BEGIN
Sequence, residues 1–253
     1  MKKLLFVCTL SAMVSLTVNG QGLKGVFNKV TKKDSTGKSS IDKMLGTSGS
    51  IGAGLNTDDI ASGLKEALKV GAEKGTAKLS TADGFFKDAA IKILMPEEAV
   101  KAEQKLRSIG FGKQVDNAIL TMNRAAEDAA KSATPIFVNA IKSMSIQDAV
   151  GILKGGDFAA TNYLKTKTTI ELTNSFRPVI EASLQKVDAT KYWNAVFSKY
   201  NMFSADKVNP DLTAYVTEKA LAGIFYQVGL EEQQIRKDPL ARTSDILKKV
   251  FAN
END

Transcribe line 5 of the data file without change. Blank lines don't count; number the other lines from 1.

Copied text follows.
   151  GILKGGDFAA TNYLKTKTTI ELTNSFRPVI EASLQKVDAT KYWNAVFSKY